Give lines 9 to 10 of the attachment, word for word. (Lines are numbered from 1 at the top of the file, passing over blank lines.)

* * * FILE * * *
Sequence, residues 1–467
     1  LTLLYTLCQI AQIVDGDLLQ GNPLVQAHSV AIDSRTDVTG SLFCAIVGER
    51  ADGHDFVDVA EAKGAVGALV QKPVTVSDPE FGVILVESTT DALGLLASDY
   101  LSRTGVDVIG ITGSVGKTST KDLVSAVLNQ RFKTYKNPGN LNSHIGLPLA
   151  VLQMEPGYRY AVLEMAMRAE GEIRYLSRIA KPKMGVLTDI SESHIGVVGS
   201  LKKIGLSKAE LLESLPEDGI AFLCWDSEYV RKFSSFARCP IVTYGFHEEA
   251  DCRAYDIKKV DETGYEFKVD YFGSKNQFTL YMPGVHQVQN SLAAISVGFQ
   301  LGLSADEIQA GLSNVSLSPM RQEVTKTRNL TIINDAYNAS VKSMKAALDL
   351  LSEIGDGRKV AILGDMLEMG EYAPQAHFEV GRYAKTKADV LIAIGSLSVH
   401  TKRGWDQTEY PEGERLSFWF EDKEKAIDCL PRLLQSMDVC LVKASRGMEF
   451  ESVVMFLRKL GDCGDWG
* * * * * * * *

   351  LSEIGDGRKV AILGDMLEMG EYAPQAHFEV GRYAKTKADV LIAIGSLSVH
   401  TKRGWDQTEY PEGERLSFWF EDKEKAIDCL PRLLQSMDVC LVKASRGMEF